Spain Magnesite Rubian Dolomitisation 



Financial support for this work has been provided by project BTE2001-1443 (Ministerio de Ciencia y Tecnologia). We wish to thank D.P. Rodriguez (Magnesitas de Rubian S.A.) for advising and for facilities given during the development of the investigation, and M. Regueiro and M. Lombardero (IGME) for collaboration during fieldwork. Thanks are also due to J.R. Martínez Catalán, R. Arenas and G. Gutierrez-Alonso for valuable discussions on the regional geology. We thank D.P.F. Darbyshire, NERC Isotope Geoscience Laboratory (NIGL) and J. Naden, British Geological Survey (BGS) for critical and constructive reviews of the manuscript. Acknowledgements are extended to F. Tornos for his critical review that significantly improved the original manuscript. Thanks are extended to geologist K. Detsi (National and Kapodistrian University of Athens-NKUA) for logistic help and to E. Michailidis (NKUA) for technical assistance with SEM–EDS analysis.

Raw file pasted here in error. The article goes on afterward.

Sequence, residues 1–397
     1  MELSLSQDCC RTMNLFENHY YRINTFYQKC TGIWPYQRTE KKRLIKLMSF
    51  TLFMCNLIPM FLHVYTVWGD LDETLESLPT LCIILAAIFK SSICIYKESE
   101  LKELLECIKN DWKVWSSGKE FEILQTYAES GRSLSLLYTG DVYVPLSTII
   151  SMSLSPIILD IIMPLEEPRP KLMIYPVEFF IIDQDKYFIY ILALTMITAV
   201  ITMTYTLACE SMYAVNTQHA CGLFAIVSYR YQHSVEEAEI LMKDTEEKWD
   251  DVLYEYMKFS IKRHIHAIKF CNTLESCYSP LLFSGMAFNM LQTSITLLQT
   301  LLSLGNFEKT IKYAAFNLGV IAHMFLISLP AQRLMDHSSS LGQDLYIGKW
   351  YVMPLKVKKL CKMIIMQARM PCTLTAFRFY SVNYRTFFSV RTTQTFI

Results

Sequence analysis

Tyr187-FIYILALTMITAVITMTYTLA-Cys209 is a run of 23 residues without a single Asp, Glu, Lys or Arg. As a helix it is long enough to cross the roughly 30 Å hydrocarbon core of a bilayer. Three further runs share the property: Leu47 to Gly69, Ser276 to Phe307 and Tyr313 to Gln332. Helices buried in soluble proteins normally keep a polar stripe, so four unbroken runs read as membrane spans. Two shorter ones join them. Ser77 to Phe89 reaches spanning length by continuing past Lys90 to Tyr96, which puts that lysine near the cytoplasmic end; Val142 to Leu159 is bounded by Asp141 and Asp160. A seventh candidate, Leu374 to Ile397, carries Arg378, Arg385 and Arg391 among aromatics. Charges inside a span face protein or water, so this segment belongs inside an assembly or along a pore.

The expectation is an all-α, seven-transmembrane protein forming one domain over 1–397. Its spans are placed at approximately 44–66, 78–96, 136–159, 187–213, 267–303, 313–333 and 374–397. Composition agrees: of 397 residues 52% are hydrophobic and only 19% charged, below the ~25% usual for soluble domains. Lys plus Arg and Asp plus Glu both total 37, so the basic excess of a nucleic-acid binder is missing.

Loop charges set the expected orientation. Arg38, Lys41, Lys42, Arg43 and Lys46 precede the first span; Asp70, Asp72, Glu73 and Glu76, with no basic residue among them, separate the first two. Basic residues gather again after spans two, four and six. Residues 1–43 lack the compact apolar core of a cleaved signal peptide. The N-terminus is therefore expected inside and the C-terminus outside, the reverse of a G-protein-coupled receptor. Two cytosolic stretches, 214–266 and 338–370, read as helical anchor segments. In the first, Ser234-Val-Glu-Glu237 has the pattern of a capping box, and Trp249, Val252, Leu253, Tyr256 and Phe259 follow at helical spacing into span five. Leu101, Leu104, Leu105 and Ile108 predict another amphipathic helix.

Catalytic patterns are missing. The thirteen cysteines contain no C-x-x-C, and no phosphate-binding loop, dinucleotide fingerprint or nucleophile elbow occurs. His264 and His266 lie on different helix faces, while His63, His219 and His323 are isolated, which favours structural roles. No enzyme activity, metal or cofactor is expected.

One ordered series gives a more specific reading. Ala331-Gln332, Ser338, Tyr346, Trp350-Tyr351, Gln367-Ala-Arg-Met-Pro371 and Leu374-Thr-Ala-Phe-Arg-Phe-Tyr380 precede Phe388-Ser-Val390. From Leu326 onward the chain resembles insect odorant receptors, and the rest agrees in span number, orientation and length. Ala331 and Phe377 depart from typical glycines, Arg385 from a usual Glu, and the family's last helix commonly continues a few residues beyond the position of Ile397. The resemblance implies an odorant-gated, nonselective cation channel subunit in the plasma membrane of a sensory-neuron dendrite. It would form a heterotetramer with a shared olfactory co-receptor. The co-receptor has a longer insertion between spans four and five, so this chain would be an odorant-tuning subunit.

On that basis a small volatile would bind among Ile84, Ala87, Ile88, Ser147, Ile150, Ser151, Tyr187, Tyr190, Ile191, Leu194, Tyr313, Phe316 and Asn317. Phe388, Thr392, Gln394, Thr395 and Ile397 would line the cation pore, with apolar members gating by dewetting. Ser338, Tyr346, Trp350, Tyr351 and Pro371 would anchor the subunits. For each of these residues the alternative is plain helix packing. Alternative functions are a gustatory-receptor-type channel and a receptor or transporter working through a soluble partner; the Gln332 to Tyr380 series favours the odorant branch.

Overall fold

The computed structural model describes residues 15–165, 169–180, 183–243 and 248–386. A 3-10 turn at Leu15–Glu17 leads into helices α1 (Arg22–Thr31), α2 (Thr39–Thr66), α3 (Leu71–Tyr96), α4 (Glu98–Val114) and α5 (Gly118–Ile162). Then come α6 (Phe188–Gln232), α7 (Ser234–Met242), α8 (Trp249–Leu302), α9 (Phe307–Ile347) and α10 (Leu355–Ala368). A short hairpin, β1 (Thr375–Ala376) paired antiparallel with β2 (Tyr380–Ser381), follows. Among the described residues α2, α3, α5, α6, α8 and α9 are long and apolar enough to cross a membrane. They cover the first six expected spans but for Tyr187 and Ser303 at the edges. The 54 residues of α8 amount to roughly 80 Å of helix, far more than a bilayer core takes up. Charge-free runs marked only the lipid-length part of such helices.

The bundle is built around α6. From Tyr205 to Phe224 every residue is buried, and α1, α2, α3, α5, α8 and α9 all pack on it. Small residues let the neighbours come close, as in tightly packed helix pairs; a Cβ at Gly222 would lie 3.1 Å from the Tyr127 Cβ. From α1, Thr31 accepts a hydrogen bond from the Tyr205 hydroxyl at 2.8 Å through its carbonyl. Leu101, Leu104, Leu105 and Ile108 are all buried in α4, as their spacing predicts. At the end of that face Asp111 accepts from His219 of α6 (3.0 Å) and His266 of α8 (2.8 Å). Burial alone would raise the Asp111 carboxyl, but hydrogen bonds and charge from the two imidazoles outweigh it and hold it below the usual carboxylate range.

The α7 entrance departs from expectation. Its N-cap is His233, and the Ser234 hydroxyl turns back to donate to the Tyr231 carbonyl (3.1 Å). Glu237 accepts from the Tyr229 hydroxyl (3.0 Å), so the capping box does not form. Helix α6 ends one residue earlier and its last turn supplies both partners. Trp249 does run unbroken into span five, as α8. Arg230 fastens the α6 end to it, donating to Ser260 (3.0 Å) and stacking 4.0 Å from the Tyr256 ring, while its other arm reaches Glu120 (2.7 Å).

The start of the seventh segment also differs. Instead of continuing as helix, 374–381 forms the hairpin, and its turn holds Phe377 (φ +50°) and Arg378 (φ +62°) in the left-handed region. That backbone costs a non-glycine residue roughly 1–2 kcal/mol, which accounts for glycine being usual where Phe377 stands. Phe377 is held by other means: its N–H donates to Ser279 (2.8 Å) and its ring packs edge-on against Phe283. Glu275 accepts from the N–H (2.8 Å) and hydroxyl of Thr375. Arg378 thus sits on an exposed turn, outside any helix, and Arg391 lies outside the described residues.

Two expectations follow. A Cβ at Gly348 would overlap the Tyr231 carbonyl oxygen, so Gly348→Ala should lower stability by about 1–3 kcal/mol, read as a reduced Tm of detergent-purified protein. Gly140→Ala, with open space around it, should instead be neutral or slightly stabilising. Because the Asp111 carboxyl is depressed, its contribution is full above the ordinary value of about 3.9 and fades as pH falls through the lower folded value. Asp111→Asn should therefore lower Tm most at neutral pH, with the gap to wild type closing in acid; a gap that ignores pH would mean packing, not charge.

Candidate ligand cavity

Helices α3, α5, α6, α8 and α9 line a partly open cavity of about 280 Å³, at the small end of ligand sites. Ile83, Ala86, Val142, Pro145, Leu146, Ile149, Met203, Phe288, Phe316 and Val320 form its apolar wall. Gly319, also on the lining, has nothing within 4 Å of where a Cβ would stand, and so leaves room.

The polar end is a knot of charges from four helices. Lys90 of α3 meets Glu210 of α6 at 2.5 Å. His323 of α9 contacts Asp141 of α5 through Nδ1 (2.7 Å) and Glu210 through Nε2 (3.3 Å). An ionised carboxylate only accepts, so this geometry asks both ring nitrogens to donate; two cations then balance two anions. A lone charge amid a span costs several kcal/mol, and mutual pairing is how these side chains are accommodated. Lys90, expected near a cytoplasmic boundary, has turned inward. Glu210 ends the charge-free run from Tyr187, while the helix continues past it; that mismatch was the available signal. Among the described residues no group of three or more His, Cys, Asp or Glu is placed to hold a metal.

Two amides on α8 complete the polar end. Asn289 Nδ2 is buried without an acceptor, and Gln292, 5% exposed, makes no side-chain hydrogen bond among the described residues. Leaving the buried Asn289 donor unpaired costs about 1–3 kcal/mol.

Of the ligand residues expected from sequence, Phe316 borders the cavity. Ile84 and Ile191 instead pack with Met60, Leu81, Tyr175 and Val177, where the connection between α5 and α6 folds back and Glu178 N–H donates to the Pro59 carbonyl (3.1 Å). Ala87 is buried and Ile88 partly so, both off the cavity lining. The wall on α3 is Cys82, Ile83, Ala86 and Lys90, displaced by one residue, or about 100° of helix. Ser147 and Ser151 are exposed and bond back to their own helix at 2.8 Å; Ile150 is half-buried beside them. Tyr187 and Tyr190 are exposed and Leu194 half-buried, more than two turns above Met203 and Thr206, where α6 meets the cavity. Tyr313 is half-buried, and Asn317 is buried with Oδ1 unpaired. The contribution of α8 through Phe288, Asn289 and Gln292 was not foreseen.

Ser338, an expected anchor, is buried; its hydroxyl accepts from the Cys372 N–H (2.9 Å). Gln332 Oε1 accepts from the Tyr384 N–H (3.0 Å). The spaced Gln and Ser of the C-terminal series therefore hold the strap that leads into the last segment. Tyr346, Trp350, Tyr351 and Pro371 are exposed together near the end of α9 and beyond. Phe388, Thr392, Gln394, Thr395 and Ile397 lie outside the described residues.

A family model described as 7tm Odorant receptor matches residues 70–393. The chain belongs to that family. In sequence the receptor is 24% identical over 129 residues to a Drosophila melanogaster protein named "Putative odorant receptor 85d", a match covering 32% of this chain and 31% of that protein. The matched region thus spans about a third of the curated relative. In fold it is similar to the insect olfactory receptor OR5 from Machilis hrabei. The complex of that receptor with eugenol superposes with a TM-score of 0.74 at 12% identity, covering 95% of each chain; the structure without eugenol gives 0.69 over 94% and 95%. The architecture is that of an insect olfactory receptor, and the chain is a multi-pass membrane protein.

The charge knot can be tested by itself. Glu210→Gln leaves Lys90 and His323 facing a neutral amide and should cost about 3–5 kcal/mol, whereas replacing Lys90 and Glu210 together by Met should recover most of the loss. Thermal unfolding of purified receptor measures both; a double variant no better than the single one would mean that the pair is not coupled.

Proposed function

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Copyright information

© Springer-Verlag 2006

Authors and Affiliations

  • Stephanos P. Kilias
    • 1
    Email author
  • Manuel Pozo
    • 2
  • Manuel Bustillo
    • 3
  • Michael G. Stamatakis
    • 1
  • José P. Calvo
    • 4
  1. 1.Department of Economic Geology and Geochemistry, Faculty of Geology and GeoenvironmentNational and Kapodistrian University of Athens (NKUA)AthensGreece
  2. 2.Departamento de Quimica Agricola, Geología y GeoquímicaUniversidad AutónomaCantoblancoSpain
  3. 3.Departamento de Petrología y GeoquímicaUniversidad ComplutenseMadridSpain
  4. 4.Instituto Geologico y Minero de EspanaMadridSpain